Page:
top of page

Native Bees for Agricultural Producers

Native Bees

We are fortunate to have so many species of native bees in Oregon! With over 500 species identified, we know now how important they are for our food production. So many types of crops in the Rogue Valley, from blueberries and apples, squash and cucumbers, herbs and tomatoes, alfalfa and sunflowers, depend on non-honey bee species for pollination!  

 

Wait, was that a bee?

Native bees don't always look like a 'bee', from very tiny, like a small carpenter bee, to quite large, like a bumble bee, with different color patterns than the honey bee.

 

Did you know that 70%of all bees nest in the ground?
 

We rarely are lucky enough to see where native bees live - not in a hive, like a honey bee! Some bees are crevice nesters, finding holes in fences or trees, or hollow stems and stalks, or perhaps in a container with straws that a farmer provides. But 70% of all bees (a bee is not wasp!) nest underground! Which means these nests could be at risk in fields as farmers change their crops for the seasons .... or even worse, if pesticides are used.

What about baby bees?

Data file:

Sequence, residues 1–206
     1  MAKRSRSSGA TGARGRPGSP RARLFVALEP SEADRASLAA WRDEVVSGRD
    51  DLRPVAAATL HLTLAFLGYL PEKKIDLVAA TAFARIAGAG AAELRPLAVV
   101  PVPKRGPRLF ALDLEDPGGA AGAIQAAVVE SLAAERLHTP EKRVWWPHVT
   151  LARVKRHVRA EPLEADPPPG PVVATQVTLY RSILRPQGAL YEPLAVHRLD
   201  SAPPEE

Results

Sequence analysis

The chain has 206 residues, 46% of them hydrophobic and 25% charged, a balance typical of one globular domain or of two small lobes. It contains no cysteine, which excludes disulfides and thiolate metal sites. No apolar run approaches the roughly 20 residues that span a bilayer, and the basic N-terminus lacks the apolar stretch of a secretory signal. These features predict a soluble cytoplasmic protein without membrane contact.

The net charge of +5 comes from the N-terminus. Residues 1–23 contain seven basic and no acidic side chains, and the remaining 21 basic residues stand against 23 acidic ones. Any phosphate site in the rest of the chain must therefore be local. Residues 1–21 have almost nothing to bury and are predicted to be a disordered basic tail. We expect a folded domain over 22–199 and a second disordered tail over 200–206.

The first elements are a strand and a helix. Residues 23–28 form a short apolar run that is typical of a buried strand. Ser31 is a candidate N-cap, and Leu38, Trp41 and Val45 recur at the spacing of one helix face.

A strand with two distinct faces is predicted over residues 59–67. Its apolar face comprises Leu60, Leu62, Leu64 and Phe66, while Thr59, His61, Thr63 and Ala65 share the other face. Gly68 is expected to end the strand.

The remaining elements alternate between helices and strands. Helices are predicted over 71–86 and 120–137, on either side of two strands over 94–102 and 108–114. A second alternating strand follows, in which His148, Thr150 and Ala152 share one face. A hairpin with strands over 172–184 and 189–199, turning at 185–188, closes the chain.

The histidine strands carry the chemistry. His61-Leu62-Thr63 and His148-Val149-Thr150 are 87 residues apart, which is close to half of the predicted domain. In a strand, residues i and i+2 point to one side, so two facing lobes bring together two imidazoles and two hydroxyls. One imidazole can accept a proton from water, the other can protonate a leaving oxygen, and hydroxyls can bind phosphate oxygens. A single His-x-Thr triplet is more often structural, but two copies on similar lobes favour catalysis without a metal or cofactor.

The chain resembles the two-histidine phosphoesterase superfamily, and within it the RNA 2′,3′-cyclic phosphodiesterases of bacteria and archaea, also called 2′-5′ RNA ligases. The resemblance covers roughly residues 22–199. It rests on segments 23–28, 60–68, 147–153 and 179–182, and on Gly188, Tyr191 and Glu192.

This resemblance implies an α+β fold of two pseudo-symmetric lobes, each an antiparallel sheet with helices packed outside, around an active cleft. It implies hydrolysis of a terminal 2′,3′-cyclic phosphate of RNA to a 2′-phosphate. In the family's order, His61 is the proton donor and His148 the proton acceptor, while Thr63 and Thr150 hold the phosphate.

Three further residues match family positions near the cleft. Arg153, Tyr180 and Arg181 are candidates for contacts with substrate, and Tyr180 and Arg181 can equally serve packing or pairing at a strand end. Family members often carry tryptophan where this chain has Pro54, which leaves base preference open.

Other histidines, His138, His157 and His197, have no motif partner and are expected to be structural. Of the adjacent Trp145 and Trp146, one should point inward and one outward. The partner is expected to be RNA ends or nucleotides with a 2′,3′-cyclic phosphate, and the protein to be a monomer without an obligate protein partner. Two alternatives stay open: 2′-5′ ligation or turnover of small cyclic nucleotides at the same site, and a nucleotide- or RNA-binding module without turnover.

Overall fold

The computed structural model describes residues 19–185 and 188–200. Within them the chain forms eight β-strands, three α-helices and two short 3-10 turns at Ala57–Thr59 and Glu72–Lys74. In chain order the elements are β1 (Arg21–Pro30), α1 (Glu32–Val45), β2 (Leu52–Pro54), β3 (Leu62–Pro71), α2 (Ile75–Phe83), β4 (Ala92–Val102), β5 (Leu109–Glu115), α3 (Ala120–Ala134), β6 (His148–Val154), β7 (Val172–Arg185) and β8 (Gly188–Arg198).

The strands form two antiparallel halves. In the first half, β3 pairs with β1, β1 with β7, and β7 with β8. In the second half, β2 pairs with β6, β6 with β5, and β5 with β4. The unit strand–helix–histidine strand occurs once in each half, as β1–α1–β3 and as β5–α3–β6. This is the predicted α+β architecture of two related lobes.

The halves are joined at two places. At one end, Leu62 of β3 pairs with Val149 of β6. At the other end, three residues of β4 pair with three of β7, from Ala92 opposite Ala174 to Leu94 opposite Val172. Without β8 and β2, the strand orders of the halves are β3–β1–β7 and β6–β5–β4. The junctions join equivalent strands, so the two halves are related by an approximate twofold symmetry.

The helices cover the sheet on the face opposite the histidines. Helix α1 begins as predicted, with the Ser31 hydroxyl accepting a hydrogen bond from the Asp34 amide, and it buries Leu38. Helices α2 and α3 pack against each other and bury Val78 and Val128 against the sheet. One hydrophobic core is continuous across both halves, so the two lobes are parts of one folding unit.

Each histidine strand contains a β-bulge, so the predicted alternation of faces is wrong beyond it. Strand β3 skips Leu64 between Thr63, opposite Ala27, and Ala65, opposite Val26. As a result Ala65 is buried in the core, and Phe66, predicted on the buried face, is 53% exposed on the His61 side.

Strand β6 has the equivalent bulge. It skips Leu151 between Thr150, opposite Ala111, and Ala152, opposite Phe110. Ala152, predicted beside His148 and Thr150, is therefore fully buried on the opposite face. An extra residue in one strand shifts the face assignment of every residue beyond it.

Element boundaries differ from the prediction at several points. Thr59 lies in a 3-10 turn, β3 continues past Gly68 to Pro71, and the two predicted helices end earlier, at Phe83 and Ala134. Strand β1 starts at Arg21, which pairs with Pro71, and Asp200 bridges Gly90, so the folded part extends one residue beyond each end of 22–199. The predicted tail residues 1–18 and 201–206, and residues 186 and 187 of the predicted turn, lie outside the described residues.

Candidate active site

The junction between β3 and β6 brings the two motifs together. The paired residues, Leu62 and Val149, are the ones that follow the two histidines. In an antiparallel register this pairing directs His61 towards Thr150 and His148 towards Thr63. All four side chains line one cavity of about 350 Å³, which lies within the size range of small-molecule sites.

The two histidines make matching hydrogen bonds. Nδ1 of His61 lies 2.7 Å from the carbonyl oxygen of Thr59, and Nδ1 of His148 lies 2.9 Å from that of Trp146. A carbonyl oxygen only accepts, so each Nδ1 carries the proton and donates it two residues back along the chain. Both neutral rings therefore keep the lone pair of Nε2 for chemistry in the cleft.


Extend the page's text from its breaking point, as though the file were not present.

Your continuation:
Different species have different life cycles. With exceptions for bumble bees, carpenter bees, and a few other species, most native bees remain in the nest the majority of their life cycle. First an egg, then a larvae, and then a fully-formed adult waiting to emerge when the time is right for that species.  And most bees are solitary, meaning the female will die after about six weeks, after laying  eggs, never to see her offspring. Bumble bees and carpenter bees however, live much longer, and mated females will live almost a year, some of it underground in diapause state until spring brings early flowers. We love this brochure by Xerces about bumbles.

Which bees, when?

Another complicated characteristic of native bees is that many species are "seasonal", appearing as adults only during certain times of the year. For instance, mason bees fly in the spring, perfect for berry bushes and fruit trees as they come into bloom. Long-horned bees, aka sunflower bees appear in late summer, when the sunflowers are in full glory. (See a long-horned bee on the sunflower on our home page banner.) And, a recent arrival to southern Oregon, the squash bee, is the best pollinator for - yup! - squash!

So then next time you thank a food producer .....thank a native bee, too!

Farming for
Native Bees

We were pleased to collaborate with Our Family Farms to help create this brochure about how native bees support our agricultural production. Learn more about this important project and Our Family Farms here.

OurFamilyFarmsBrochure8.11.21orig.jpg

Vote with your dollar --
Support farms, orchards, and ranchers who follow safe practices for pollinators and people!

OurFamilyFarmsBrochure8.11.21orig2.jpg
bottom of page